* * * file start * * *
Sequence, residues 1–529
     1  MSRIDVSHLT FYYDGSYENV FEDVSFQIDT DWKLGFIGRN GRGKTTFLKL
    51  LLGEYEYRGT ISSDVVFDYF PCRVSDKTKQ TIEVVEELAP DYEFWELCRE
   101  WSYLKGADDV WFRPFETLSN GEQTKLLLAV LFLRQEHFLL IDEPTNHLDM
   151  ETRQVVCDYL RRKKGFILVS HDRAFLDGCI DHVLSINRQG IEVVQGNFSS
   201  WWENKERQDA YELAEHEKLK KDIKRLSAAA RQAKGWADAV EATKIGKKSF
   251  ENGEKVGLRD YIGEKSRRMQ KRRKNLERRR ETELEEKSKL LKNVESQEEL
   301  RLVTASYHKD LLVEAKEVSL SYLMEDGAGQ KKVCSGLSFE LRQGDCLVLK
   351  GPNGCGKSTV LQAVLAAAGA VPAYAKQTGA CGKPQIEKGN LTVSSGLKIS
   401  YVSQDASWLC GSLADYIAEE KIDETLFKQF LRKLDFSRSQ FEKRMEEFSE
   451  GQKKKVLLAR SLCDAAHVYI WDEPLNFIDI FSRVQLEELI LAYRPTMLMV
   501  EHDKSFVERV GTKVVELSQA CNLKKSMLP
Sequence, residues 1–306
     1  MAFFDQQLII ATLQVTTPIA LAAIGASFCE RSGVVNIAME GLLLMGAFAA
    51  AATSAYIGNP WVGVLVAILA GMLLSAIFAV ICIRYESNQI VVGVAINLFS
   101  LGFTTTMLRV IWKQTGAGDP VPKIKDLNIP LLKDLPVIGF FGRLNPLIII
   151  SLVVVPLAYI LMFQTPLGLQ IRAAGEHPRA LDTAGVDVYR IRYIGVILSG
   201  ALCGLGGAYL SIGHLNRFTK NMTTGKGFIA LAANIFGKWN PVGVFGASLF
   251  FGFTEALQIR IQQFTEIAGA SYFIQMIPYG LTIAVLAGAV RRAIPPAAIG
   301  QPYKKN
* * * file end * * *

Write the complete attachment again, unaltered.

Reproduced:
Sequence, residues 1–529
     1  MSRIDVSHLT FYYDGSYENV FEDVSFQIDT DWKLGFIGRN GRGKTTFLKL
    51  LLGEYEYRGT ISSDVVFDYF PCRVSDKTKQ TIEVVEELAP DYEFWELCRE
   101  WSYLKGADDV WFRPFETLSN GEQTKLLLAV LFLRQEHFLL IDEPTNHLDM
   151  ETRQVVCDYL RRKKGFILVS HDRAFLDGCI DHVLSINRQG IEVVQGNFSS
   201  WWENKERQDA YELAEHEKLK KDIKRLSAAA RQAKGWADAV EATKIGKKSF
   251  ENGEKVGLRD YIGEKSRRMQ KRRKNLERRR ETELEEKSKL LKNVESQEEL
   301  RLVTASYHKD LLVEAKEVSL SYLMEDGAGQ KKVCSGLSFE LRQGDCLVLK
   351  GPNGCGKSTV LQAVLAAAGA VPAYAKQTGA CGKPQIEKGN LTVSSGLKIS
   401  YVSQDASWLC GSLADYIAEE KIDETLFKQF LRKLDFSRSQ FEKRMEEFSE
   451  GQKKKVLLAR SLCDAAHVYI WDEPLNFIDI FSRVQLEELI LAYRPTMLMV
   501  EHDKSFVERV GTKVVELSQA CNLKKSMLP
Sequence, residues 1–306
     1  MAFFDQQLII ATLQVTTPIA LAAIGASFCE RSGVVNIAME GLLLMGAFAA
    51  AATSAYIGNP WVGVLVAILA GMLLSAIFAV ICIRYESNQI VVGVAINLFS
   101  LGFTTTMLRV IWKQTGAGDP VPKIKDLNIP LLKDLPVIGF FGRLNPLIII
   151  SLVVVPLAYI LMFQTPLGLQ IRAAGEHPRA LDTAGVDVYR IRYIGVILSG
   201  ALCGLGGAYL SIGHLNRFTK NMTTGKGFIA LAANIFGKWN PVGVFGASLF
   251  FGFTEALQIR IQQFTEIAGA SYFIQMIPYG LTIAVLAGAV RRAIPPAAIG
   301  QPYKKN